Ensuring equity of access to primary health care in rural and remote Australia - what core services should be locally available?

Susan Thomas, John Wakerman, John Humphreys

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    75 Citations (Scopus)


    Introduction: Australians in rural and remote areas experience poorer health status compared with many metropolitan residents, due partly to inequitable access to primary health care (PHC) services. Building on recent research that identified PHC services which all Australians should be able to access regardless of where they live, this paper aims to define the population thresholds governing which PHC services would be best provided by a resident health worker, and to outline attendant implementation issues. Methods: A Delphi method comprising panellists with expertise in rural, remote and/or Indigenous PHC was used. Five population thresholds reflecting Australia's diverse rural and remote geography were devised. Panellists participated in two electronic surveys. Using a Likert scale, they were asked at what population threshold each PHC service should be provided by a resident health worker. A follow-up focus group identified important underlying principles which guided the consensus process. Results: Response rates were high. The population thresholds for core PHC services provided by a resident worker were less in remote communities compared with rural communities. For example, the population threshold for 'care of the sick and injured,' was ≤100 for remote compared with 101-500 for rural communities. For 'mental health', 'maternal/child health', 'sexual health' and 'public health' services in remote communities the population threshold was 101-500, compared to 501-1000 for rural communities. Principles underpinning implementation included the fundamental importance of equity; consideration of social determinants of health; flexibility, effective expenditure of resources, tailoring services to ensure consumer acceptability, prioritising services according to need, and providing services as close to home as possible. Conclusion: This research can assist policy makers and service planners to determine the population thresholds at which PHC services should be delivered by a resident health worker, to allocate resources and provide services more equitably, and inform consumers about PHC services they can reasonably expect to access in their community. This framework assists in developing a systematic approach to strategies seeking to address existing rural-urban health workforce maldistribution, including the training of generalists as opposed to specialists, and providing necessary infrastructure in communities most in need.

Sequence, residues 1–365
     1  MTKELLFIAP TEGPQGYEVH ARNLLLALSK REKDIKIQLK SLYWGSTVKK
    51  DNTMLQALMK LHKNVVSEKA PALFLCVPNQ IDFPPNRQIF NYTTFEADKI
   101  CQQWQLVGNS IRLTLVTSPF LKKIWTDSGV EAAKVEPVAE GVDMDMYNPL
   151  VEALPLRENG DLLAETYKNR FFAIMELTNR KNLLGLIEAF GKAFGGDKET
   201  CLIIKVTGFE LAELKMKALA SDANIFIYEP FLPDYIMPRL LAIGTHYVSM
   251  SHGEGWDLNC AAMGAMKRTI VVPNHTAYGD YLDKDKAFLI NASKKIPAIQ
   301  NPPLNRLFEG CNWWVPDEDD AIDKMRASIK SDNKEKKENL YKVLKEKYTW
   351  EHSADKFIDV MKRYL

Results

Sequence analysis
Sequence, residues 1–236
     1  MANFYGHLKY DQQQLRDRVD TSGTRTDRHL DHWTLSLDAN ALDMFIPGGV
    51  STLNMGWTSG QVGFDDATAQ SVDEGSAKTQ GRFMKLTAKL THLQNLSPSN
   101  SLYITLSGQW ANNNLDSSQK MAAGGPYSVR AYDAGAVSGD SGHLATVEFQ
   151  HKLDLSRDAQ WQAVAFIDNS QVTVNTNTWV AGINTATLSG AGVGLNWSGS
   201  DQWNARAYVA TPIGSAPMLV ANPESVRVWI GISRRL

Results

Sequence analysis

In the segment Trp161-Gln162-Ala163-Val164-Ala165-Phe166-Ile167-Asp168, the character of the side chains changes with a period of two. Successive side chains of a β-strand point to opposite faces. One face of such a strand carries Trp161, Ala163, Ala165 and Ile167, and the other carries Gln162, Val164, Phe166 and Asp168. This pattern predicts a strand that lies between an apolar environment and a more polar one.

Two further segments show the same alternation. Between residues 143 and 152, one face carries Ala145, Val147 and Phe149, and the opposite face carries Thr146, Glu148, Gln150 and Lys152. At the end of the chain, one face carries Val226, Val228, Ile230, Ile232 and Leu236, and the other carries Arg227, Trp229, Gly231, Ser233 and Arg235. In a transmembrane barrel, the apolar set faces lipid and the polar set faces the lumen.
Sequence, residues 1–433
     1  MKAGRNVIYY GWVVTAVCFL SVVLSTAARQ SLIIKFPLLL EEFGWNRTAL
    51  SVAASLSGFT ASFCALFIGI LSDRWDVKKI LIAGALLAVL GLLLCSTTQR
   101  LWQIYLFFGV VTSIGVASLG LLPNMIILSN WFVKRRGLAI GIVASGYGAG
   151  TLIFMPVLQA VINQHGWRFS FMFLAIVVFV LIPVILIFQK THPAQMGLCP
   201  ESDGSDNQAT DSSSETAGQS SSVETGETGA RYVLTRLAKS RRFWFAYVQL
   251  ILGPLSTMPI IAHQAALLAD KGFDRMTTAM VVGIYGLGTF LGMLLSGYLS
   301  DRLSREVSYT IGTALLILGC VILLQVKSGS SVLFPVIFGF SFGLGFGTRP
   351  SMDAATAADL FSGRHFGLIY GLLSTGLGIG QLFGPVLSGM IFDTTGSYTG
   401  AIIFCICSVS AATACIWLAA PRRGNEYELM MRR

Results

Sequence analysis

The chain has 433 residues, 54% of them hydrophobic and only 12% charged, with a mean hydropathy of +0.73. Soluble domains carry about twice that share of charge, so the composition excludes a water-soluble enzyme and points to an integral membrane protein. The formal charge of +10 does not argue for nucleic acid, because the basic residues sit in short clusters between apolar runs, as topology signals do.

Original languageEnglish
    Article number228
    Number of pages8
    JournalInternational Journal For Equity in Health
    Issue number1
    Publication statusPublished - 29 Oct 2015


    • Access
    • Equity
    • Health policy
    • Health service planning
    • Primary health care
    • Remote
    • Resource allocation
    • Rural


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